ANATOMY OF A WHITETAIL DEER
Whitetail Survival Ears: Deer have a well developed sense of hearing.Their large ears are used to funnel sound into the ear canal. A network of muscles attached to the ear allow the deer to turn its ears in any direction without moving its head. Like dogs and other animals, deer can hear higher frequencies of sound than humans. A deer’s keen sense of hearing allows it to distinguish the sound of a squirrel hopping through the woods from the footsteps of a predator.
Coat: The deer’s coat is also well developed for the deers lifestyle. Its brownish color camouflages it with its woodland surroundings. By standing still in a forest area a deer can go undetected from the sight of a passing predator. The color of the coat depends on the time of year and age of the deer. During the summer the whitetails coat usually has a light, reddish color. In the fall, the deer molts, in which the summer coat is shed and a winter coat takes its place. The winter coat is much thicker and provides more insulation than the summer coat. The winter coat is about 2 inches longer than the summer coat. The hairs are also hollow, providing even more insulation. The winter coat is so effective that snow can accumulate on the back of a deer without melting. The color of the winter coat is different than that of the summer coat. The winter coat usually has a dull grayish color to it. Fawns have a very reddish brown color that is covered with many small white spots. These spots help camouflage the fawn by breaking up the coats solid color.
Eyes: Many say that deer have poor vision. However, almost nothing escapes their vision. With their eyes places more toward the sides of their head, they are capable of seeing a 310 degree view without moving their head. As a result of their wide field of view it is hard for them to focus on a single point. Their eyes are also well adapted for life at night. Their numerous light detecting cells, along with a light reflecting membrane in the back of the eye called the tapetum, help to increase their ability to see at night. This is important to the lifestyle of the deer because of their early morning and near dusk activities.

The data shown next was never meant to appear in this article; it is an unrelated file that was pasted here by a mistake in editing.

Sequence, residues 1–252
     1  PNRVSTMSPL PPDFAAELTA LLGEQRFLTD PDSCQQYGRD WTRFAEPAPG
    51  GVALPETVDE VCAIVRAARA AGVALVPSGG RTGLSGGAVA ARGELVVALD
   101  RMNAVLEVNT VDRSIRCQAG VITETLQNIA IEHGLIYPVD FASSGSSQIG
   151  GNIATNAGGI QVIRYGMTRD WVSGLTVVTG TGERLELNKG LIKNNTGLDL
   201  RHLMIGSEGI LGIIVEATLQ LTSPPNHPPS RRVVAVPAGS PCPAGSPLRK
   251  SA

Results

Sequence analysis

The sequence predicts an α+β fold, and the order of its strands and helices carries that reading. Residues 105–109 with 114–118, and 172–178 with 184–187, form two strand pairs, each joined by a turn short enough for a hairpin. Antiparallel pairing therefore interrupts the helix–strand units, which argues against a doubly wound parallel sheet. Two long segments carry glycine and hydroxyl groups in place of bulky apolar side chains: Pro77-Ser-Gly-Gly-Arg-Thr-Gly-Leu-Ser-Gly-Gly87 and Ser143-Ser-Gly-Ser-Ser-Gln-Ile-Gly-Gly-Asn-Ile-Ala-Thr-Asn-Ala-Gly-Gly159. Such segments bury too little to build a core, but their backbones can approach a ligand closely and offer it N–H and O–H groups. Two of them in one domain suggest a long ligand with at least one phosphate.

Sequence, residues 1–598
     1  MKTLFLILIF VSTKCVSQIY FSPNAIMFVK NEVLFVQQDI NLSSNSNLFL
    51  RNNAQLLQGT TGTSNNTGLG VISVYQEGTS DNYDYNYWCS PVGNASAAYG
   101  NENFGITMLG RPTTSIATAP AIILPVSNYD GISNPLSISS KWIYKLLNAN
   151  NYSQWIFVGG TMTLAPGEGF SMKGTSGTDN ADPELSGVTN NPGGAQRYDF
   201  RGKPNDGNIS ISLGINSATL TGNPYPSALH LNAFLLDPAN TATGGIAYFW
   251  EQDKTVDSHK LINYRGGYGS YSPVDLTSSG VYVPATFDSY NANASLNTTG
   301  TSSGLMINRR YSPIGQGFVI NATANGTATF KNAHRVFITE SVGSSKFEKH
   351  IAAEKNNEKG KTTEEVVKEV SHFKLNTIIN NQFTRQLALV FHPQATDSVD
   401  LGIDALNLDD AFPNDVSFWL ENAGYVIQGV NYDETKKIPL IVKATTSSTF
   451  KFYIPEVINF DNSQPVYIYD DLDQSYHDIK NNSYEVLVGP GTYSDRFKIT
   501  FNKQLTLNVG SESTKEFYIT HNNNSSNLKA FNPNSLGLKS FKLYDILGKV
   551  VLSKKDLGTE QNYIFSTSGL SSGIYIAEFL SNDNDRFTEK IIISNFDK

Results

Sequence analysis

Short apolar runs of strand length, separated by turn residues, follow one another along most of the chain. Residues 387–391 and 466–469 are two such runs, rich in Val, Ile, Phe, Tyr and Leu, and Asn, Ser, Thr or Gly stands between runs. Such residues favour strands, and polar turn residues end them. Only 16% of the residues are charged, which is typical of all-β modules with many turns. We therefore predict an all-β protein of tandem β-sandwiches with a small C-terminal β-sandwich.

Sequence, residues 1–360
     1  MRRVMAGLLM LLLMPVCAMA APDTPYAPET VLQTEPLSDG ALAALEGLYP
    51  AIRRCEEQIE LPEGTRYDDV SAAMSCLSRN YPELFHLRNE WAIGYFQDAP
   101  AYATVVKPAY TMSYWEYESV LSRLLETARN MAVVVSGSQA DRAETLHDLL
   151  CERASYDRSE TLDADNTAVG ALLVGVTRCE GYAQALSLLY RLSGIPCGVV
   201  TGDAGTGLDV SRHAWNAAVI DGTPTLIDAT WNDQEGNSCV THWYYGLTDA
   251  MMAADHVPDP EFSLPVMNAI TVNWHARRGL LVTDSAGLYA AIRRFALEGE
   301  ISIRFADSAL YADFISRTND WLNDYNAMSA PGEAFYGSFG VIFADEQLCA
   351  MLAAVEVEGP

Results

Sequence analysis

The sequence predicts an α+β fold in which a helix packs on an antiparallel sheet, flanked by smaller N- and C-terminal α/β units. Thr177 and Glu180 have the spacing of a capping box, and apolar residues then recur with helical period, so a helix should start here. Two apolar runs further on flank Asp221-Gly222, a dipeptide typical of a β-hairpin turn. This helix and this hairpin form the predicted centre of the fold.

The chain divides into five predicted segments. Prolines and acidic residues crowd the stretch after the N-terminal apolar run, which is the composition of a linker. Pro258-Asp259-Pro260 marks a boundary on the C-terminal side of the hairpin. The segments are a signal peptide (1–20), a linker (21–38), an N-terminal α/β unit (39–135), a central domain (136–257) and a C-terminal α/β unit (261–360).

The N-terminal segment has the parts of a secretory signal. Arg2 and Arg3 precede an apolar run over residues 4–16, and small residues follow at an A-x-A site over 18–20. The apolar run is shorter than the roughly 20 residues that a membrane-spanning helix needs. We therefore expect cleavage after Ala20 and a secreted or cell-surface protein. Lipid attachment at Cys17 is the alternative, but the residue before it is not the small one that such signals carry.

Mouth: The deer’s mouth has two sections. In the front of the mouth there are only small teeth on the bottom jaw. These teeth are used for tearing and breaking apart food. In the front of the top jaw is a hard palate, not teeth, which it uses much like teeth. In the back of the mouth their are molars, canines and incisors which the deer uses in chewing its food and cud. Feet and Legs: Deer are ungulates, like cows and sheep, meaning that they have two toed hoofs. The hooves are made up of 3 parts; the compact horn, sole horn, and the cuneus. The deers long legs and powerful muscles can bring the deer up to speeds of 35 mph and allow it to jump over fences 10 feet high.
Nose and Glands: The deers sense of smell is probably one of the deer’s most important sensory capabilities, allowing it to detect predators from a long distance away. To improve its sense of smell, the deer licks its nose to keep it moist, which helps odor particles to stick to the nose. Besides alerting the deer of danger, the nose also plays a role in communication. With the use of glands a deer can leave information about itself and its surroundings with the scent produced by the glands. These glands can be found on the head, called the preorbital gland, and on the legs and hooves. One of the glands located on the legs is the tarsal gland. This gland is located on the inside of the hind legs. It produces scent that tells other deer about the deer’s gender, social status andphysical condition. The interdigital gland, located on the feet, leave a scent trail that tells other deer if the area is safe. Deer sense of smell is also important during the breeding season. Bucks have a sixth sense called vomolcation. With vomolcation a buck can analyze the urine of a doe to find out if the doe is in heat. This is done by inhaling the urine into the vomolcation gland, a small hole located on the roof of the mouth.
Tail: The tail is also important feature of the whitetail deer. The underside of the tail is white, hence the name whitetail deer.The tail has an average length of 11-14 inches. The main function of the tail is to worn other deer of danger. When a deer feels threatened it raises its tail like a flag to warn other deer of the possible threat.
Antlers: Antlers are very unique to deer. Deer are the only animals that grow antlers. In fact, antlers are the fastest growing tissue in the animal kingdom. Unlike horns, antlers are made up of living tissue and are shed annually. Antlers usually only grow on males. In some species, however, such as reindeer, antlers grow on both sexes. Antlers growth is regulated by the length of the day. They grow from two spots on the head called the pedicles. In the spring antlers begin to grow, and will continue to grow until fall. During this time the antlers are covered with velvet, a short fur containing a network of nerves and blood vessels. During this time the antlers are very sensitive and the buck takes great care to avoid bruising the sensitive skin. In the fall the velvet is shed and the antlers harden, just in time for the rut. The antlers are then used in fights in which the bucks determine dominance and breeding rights. The size of antlers depends not only onthe deer age, but also nutrition and genetics. In the winter, between January and February, the antlers are shed.